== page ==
HUAWEI has literally spoiled us with the performance of the cameras it equips its phones with. The triple-camera setup on the Mate 40 Pro is no different. It is needless to say that it’s one of the best camera phones out there, competing head to head with its other siblings in the Mate 40 line-up, as well as the P40 lineup.
Regardless of what you decide to capture for posterity, the Mate 40 Pro will not disappoint, let it be landscapes, close-ups, portraits, etc. Colors are accurate, contrast and depth are spot-on, and with the improved focal length of the ultra-wide camera, you’ll get great results. These are also due to the free form lens Huawei decided to use on the Mate 40 Pro, where an uneven shape is utilized to reduce and sometimes completely remove distortions.
HUAWEI Mate 40 Pro zoom increment samples
HUAWEI Mate 40 Pro selfie shots
When it comes to the telephoto lens, you have the option to zoom in optically up to 5X. Since it’s an optical zoom, and it’s heavily stabilized, the quality of the pictures is exceptional. There’s also the option to go further with digital zoom, but we’d advise you to keep it towards the lower end.
And, again, when it comes to low light, Huawei does such a great job that oftentimes night photos are as bright as if they were taken at dawn or sunrise.
Turning to the front we can only commend Huawei for opting for a wide-angle lens for the selfie camera. It makes it easy to frame your shot, as well as gather more people inside the same frame, should you decide to not distance yourself socially.
Selfies snapped can often benefit from the effects you choose to apply, but you’ll be satisfied with the results even if you opt not to utilize one.
This elephant in this same room has been addressed so many times before that I feel I’m writing the same paragraphs every time I review a modern HUAWEI smartphone.
Yes, it’s Google! I won’t beat the same dead horse once again. The status quo has become the “norm”, so I think it’s time the world shifts from a complaining/wishful thinking/criticizing mindset to just accepting the product for what it is.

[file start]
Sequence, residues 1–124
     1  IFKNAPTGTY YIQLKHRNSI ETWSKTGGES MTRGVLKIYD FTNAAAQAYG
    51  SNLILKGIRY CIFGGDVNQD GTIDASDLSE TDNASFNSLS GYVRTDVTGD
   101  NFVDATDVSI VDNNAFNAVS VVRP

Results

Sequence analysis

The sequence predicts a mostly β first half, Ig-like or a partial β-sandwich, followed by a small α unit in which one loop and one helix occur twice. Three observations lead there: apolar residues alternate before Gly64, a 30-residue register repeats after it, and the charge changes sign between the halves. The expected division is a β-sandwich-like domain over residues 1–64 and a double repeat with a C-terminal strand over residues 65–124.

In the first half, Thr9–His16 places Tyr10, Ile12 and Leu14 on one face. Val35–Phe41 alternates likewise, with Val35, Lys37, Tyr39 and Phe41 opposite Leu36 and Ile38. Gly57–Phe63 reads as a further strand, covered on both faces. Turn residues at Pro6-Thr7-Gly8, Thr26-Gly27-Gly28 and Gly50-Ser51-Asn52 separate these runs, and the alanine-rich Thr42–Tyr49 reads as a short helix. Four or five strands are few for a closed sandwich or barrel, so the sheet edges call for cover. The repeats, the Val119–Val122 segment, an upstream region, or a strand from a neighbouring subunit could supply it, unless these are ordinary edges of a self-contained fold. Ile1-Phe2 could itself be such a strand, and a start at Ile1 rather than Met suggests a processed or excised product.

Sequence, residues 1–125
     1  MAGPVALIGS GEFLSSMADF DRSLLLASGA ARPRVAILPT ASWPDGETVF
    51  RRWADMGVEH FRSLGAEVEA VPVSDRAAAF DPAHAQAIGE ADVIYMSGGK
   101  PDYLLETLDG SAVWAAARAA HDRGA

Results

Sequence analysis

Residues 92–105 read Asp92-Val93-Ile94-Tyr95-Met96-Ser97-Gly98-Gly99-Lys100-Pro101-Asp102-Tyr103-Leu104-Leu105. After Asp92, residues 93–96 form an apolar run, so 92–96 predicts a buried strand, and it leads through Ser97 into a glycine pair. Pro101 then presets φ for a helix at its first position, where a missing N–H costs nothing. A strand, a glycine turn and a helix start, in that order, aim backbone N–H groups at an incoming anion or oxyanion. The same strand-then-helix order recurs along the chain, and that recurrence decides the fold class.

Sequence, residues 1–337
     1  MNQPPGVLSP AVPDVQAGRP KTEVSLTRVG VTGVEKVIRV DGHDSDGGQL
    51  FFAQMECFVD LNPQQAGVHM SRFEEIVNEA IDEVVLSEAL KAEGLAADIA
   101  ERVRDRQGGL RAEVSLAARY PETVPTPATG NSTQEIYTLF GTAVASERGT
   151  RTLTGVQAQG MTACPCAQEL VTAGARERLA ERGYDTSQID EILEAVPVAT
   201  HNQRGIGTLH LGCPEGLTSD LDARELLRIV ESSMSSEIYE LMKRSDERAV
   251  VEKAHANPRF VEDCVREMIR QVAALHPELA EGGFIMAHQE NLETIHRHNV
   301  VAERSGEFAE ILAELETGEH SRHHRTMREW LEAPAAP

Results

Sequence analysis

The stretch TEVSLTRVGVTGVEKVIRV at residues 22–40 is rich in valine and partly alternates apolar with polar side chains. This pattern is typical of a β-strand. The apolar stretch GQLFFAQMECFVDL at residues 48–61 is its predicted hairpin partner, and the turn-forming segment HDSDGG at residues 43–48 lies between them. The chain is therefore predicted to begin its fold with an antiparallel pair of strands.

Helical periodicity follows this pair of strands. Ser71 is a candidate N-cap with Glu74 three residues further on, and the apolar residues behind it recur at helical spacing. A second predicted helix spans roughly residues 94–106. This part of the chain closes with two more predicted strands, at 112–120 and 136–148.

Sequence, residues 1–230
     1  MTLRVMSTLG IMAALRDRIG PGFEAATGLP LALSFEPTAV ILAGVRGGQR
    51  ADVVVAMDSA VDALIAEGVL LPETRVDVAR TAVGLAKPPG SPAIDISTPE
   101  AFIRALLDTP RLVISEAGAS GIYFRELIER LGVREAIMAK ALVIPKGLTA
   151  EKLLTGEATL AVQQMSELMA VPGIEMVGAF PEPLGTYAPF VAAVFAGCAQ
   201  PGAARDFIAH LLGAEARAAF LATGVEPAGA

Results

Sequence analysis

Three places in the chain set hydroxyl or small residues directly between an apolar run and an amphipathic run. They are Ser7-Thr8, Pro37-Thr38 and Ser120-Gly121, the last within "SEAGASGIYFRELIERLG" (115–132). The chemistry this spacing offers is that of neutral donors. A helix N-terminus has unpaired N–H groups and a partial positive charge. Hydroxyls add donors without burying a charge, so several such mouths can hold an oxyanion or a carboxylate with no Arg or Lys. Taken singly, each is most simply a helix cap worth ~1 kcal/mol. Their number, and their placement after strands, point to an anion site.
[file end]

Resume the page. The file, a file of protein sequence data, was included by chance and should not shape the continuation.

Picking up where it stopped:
EMUI 11 is based on AOSP Android 11, and, instead of Google Play, you get your apps officially from the HUAWEI AppGallery, or unofficially (at your own risk) from one of the various services out there.
So instead, we’ll be looking at the present and the future. HUAWEI is not only committed to, but has already proven that it can build a solid alternative ecosystem. The AppGallery is expanding every day and yes, while it’s still far behind the Play Store, chances are more and more apps are available every day, slowly filling in the gap.
Solid Google Maps alternatives are represented by TomTom and Here Maps, local banking apps are being added (localized to each country), Bolt is available as an Uber alternative, so yes, there’s an app gap, but it’s closing slowly to the point where the absence of Google and its services is really manageable.
HUAWEI did a nifty little thing with Quick Apps. You go to a website, like YouTube for instance, and it loads the mobile version of the page (which is pretty much as close as you can get to the mobile app functionality-wise). With Quick Apps, you can send that page directly to your home screen, retaining the icon and everything, so for an untrained eye it would seem like it’s the regular app you have installed.
You can do that with Google Maps, Gmail, and pretty much every other service that has a mobile-optimized web offering. Trust me, even if one or two features are missing (which is on the company that’s offering the service, not HUAWEI), it’s as close as it gets.
HUAWEI Mate 40 Pro review: conclusion
Sure, I’ve been commending and recommending modern HUAWEI smartphones for years now. Their solid build quality, great design, snappy performance, stellar cameras, and the all around experience makes it easy to recommend them hardware-wise.
But it’s the software and services that really made me hold back just a little in recommending a purchase, especially for those who are not advanced users to the point where you can make this work by spending a little extra time and tinkering with the software.
This has now changed thanks to HUAWEI’s efforts. Sure, the product is continuously improving hardware-wise from the predecessor to successor, and that’s easy to recommend, but it’s the company’s software and ecosystem efforts that allow me to finally recommend HUAWEI’s flagship without major reservations, and I think that’s the most important conclusion to our HUAWEI Mate 40 Pro review.
And the thing is, with top-notch hardware components inside the Mate 40 Pro, it’s future proof enough to where it will still be a top performer down the line when the HMS ecosystem will continue developing into what HUAWEI’s vision is down the road.
HUAWEI Mate 40 Pro review: Pros and Cons
– a tad on the expensive side;
– some apps might not be available yet.